Thanks to beautiful weather in October of 2001, vintners at top estates across Germany were able to harvest Riesling grapes that were extraordinarily ripe, healthy and balanced. The resulting wines are strikingly harmonious already, with remarkable purity of fruit and exceptional symmetry between acidity, sweetness, mineral notes and fruit flavors. Interestingly, this holds true at all levels of sweetness and ripeness. That is, wines that are analytically rather sweet (like those in the Spatlese category below) don't taste particularly sweet because the residual sugar is so well balanced against acidity, fruit and minerals. Similarly, Trocken (dry) wines are much less tart and challenging than in most vintages because the acidity is ripe and the wines have enough fruit to achieve balance even without sweetness.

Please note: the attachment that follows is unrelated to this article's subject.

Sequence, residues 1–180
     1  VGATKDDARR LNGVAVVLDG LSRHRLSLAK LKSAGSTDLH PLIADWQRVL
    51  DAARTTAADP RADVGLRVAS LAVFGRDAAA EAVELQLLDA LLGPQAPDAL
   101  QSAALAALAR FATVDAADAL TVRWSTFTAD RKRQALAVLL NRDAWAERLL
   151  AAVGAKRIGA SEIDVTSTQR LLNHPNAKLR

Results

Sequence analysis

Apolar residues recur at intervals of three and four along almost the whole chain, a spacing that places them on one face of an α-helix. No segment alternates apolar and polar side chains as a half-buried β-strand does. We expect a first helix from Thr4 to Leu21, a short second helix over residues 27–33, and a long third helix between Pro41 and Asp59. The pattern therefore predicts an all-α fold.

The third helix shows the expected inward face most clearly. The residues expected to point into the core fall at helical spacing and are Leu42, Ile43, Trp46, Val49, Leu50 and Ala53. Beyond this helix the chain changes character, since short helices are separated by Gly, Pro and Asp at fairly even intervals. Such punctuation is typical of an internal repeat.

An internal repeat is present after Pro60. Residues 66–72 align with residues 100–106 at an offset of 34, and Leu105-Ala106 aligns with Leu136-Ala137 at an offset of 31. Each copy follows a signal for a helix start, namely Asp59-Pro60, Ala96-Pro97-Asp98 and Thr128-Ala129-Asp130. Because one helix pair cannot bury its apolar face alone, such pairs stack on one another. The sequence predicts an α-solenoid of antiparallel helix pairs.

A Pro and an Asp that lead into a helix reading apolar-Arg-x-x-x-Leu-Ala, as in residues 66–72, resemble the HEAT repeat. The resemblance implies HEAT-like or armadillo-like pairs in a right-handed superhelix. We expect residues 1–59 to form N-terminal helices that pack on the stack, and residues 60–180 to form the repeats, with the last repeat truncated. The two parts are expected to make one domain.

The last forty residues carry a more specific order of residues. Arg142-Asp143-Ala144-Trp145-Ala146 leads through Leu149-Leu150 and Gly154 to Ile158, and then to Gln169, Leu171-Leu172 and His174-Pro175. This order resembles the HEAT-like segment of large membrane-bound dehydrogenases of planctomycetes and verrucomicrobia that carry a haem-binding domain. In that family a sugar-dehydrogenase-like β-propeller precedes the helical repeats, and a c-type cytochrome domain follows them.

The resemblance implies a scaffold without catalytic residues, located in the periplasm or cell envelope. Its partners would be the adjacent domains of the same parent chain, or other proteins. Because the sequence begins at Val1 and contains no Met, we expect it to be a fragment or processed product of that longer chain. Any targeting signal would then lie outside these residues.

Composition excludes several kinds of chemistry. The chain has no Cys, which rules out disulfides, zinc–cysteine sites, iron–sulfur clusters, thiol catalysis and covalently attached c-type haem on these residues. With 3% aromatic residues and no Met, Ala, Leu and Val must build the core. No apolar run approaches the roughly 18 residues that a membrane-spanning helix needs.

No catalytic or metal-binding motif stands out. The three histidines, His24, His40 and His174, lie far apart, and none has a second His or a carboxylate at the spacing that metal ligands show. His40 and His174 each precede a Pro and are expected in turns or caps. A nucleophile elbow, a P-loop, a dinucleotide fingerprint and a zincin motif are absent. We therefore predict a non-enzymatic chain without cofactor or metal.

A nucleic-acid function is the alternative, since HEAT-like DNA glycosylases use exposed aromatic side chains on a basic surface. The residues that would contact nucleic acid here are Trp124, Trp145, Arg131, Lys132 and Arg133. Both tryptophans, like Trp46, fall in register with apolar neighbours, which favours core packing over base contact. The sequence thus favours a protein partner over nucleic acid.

So, the upshot of all this is that novices and devotees alike need to try these wines -- and without delay. I'm limiting my recommendations to wines at the drier and more affordable end of the spectrum (as opposed to Auslese, Beerenauslese, Eiswein and Trockenbeerenauslese bottlings) to help novices and avoid preaching to the converted. The wines are listed in rough order of preference within categories. Importer and wholesaler information will be provided along with regions of origin and more extensive tasting notes in the online show today at noon:

SPATLESE (MODERATELY SWEET)

* Kerpen Wehlener Sonnenuhr ($28): Rich and soft but nevertheless quite delicate and lifted, with lovely mineral notes.

* Karthauserhof Eitelsbacher Karthauserhofberg ($22): Exceptionally stylish and classy, with precisely delineated flavors.